Michael Jackson as Landscape Architecture
Taking inspiration from Michael Jackson — that creature from a future “world of pure synthesis, pure self-creation“ — let's fantasize the modified body becoming a legitimate site for landscape architecture.
Landscape design begins to infuse recombinant DNA techniques into the creative process. To be licensed as landscape architects, interns must be well-versed in advanced genetic engineering. To be able to deform and reconstruct, they may even be required to get a medical degree.
Urban agriculture then takes a provocative turn. We become our own self-fertilizing, mobile edible estates. Locavores measure distances not in miles but in feet and inches, if not at all. Transporting food achieves zero carbon footprint, which becomes negative if the pollution-eating properties of our neo-organs get factored in.
But what of our food service sectors, such as restaurants and supermarkets and the infrastructure that supports them? What of the clothing, personal grooming and home furnishing industries? Will we dwell as usual? No, the urban grid needs to be radically reconfigured.
And what of our parks? There are still large ones, but an instant Central Park can be constituted anywhere and anytime there's a large crowd, for instance, during rush hour traffic on the “streets” or inside/outside the Olympic stadium watching the fireworks of the opening and closing ceremonies. It's the parkless park. Organize a rooftop “barbecue” summer party, and a temporary rooftop garden in the form of blobby geo-bodies gets landscaped. In other words, parks and gardens are still a physical manifestation of urban sociability and diversion.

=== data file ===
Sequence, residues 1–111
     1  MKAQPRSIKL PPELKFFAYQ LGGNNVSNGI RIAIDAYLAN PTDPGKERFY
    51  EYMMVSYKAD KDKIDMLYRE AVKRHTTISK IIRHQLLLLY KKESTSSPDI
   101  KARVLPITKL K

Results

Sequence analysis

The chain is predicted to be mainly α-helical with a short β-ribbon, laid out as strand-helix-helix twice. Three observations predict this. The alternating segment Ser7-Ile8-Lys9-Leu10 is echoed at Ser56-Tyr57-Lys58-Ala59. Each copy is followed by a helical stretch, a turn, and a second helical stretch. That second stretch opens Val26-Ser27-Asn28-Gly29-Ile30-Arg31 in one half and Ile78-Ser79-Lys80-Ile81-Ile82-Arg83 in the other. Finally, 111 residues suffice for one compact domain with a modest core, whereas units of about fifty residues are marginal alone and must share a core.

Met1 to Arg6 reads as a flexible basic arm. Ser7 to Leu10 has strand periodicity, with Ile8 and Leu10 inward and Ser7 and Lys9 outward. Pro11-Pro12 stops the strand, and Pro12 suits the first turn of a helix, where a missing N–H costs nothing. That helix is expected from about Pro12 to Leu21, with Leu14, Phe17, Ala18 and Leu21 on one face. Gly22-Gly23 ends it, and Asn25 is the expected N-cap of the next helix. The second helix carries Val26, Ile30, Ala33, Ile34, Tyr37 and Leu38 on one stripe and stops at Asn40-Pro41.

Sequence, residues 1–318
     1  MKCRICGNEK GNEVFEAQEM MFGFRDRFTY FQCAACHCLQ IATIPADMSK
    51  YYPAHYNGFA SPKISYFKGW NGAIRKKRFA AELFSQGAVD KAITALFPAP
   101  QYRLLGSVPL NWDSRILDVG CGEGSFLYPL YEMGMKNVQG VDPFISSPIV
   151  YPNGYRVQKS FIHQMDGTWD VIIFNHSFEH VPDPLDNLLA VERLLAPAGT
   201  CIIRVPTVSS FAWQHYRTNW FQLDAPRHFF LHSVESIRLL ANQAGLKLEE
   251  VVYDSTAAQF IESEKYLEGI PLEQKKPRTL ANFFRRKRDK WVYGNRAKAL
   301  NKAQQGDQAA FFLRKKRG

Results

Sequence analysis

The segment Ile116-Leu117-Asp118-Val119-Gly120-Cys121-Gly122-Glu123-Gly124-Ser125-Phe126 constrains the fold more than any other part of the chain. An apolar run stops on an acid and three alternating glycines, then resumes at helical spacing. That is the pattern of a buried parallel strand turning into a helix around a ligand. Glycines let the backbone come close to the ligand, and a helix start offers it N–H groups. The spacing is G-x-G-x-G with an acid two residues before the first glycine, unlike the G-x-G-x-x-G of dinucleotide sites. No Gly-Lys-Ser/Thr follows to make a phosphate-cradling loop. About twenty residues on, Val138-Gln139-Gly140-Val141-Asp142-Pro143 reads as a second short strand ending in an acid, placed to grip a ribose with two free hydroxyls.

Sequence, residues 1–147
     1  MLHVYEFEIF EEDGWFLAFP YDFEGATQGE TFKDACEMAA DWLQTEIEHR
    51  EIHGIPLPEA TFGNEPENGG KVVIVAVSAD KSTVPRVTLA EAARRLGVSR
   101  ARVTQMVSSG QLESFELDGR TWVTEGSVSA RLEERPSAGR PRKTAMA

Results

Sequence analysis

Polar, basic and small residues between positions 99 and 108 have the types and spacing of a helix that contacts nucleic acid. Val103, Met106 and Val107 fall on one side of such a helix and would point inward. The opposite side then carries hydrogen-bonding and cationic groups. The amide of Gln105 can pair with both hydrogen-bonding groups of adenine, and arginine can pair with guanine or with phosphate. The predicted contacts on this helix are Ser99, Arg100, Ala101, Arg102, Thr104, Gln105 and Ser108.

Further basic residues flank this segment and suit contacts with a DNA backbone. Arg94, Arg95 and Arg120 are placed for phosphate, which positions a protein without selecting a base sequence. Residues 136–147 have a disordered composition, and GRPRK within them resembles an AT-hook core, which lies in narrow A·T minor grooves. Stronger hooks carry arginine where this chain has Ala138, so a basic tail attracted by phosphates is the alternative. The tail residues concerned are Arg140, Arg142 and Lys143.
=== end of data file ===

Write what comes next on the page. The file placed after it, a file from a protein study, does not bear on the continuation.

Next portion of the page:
One thing remains unchanged as well. The body, like gardens, is still a terrain manipulated by the demands of style, fashion and pretense. The body, like gardens, is the site and object of consumption. Grooming your GMed anatomy, like gardening in the aristocratic landscape of Versailles or in the cul-de-sac frontyards of Orange County, is a tactical game of social one-upmanship. No one wants to be caught dead using cheap turf or with a dry patch or having less alterations than Michael Jackson, unless it's considered au courant in your socioeconomic milieu.
In any case, if we find ourselves landless in the crowded city of tomorrow, perhaps amidst the future ultramegametropolis of New Tokyo-Beijing-Shanghai-Shenzhen-Hong Kong-Manila, we can cultivate our own epidermic Eden.